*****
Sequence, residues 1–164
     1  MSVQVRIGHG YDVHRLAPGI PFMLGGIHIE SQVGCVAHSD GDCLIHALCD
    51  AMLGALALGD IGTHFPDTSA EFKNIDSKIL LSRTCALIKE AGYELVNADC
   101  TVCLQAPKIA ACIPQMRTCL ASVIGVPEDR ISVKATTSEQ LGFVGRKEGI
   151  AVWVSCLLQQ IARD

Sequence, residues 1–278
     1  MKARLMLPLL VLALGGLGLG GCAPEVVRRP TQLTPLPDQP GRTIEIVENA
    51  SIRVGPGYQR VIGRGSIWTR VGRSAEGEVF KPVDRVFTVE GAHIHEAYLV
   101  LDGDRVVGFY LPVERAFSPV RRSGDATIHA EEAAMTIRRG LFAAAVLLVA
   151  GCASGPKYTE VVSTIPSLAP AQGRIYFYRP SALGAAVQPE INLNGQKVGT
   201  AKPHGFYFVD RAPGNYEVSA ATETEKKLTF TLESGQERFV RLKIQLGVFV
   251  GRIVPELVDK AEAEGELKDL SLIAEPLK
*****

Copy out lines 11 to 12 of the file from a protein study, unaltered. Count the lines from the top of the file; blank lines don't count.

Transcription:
   201  AKPHGFYFVD RAPGNYEVSA ATETEKKLTF TLESGQERFV RLKIQLGVFV
   251  GRIVPELVDK AEAEGELKDL SLIAEPLK